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Tornado relief effort gives out musical instruments in impacted Kentucky communities

A crowd of Graves County and Mayfield residences wait to receive instruments at the WoodSongs Old Time Radio Hour tornado relief event at the Graves County Public Library.
Lily Burris
A crowd of Graves County and Mayfield residences wait to receive instruments at the WoodSongs Old Time Radio Hour tornado relief event at the Graves County Public Library.

Seventeen-year-old Jacob Puckett was one of hundreds of Graves County residents who lined up outside the Graves County Public Library Friday to receive a free instrument as part of one music group’s tornado relief effort.

Puckett plays the viola with the Graves County High School Orchestra. He heard about the event through his orchestra director. He didn’t lose his instrument in the tornado outbreak, but he has been playing on the same one since he started and this effort – organized by folk singer Michael Johnathon, the host of the internationally syndicated WoodSongs Old Time Radio Hour – was an opportunity for him to get a new one.

The effort collected hundreds of instruments in the wake of December’s tornado outbreak in western and central Kentucky. This weekend saw the distribution of those instruments in Mayfield, Dawson Springs and Owensboro.

“I think it's a really good idea for the musicians in here or for people who just want an instrument,” Puckett said. “It's really good for boosting morale and helping replace those instruments that might have been lost in a tornado.”

Once Puckett and his family got to the front of the line, the WoodSongs group was out of violas for the Mayfield event. Instead, he walked away with a ukulele.

“I feel like learning a stringed instrument would be easier than learning a woodwind or a brass instrument,” Puckett said.

Johnathon said he knew he couldn’t help lay water lines or rewire cities in the aftermath of the tornado outbreak, but he could help restore music to communities.

“Music and art is the soundtrack of every hometown,” Johnathon said. “It's the soundtrack of America's front porch and in Mayfield and Dawson Springs and the surrounding areas, all those front porches were gone.”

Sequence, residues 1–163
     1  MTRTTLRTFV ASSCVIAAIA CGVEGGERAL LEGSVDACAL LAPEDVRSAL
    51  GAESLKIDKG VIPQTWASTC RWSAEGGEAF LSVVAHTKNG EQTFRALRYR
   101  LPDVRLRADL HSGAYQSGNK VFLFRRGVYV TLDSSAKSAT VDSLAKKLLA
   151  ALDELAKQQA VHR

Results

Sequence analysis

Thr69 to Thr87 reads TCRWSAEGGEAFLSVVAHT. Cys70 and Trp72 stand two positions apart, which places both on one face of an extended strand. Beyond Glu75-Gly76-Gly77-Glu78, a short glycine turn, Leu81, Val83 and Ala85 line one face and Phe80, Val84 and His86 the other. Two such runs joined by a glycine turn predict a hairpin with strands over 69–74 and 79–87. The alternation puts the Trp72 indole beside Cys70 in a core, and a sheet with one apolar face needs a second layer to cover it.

Despite not getting the instrument he wanted, Puckett’s glad the event happened.

“I feel like it's a very good opportunity for people who have lost things and that it was really good for boosting morale for people who've been badly affected by tornadoes,” the Graves County High School student said.

Others that attended the event included a worker at a local rehabilitation center and substance abuse program that had come to see if he might get some instruments for his patients that they requested and a great aunt who had come with her great niece to get a violin since they’ve been renting one for her since she started playing.

For this event, people could just show up and request instruments or go online to the WoodSongs website and request instruments in advance. The group held back about 200 instruments for the Dawson Springs event to have requests placed there.

“It was painful to hold back because there were so many that wanted instruments that I knew were in the truck, but they’re for Dawson Springs and to be fair to Dawson Springs we got to bring them some,” Johnathon said.

Johnathon wasn’t worried about giving all the instruments out over the weekend, and even if they didn’t give them all out, he knew there were other charities that could give the instruments to those in need.

“Love is the greatest transaction of the arts, and that’s what we’re doing,” Johnathon said.

Investigative Reporter Lily Burris is a corps member with Report For America, a national service program that places journalists into local newsrooms. Email Lily at lburris@lpm.org.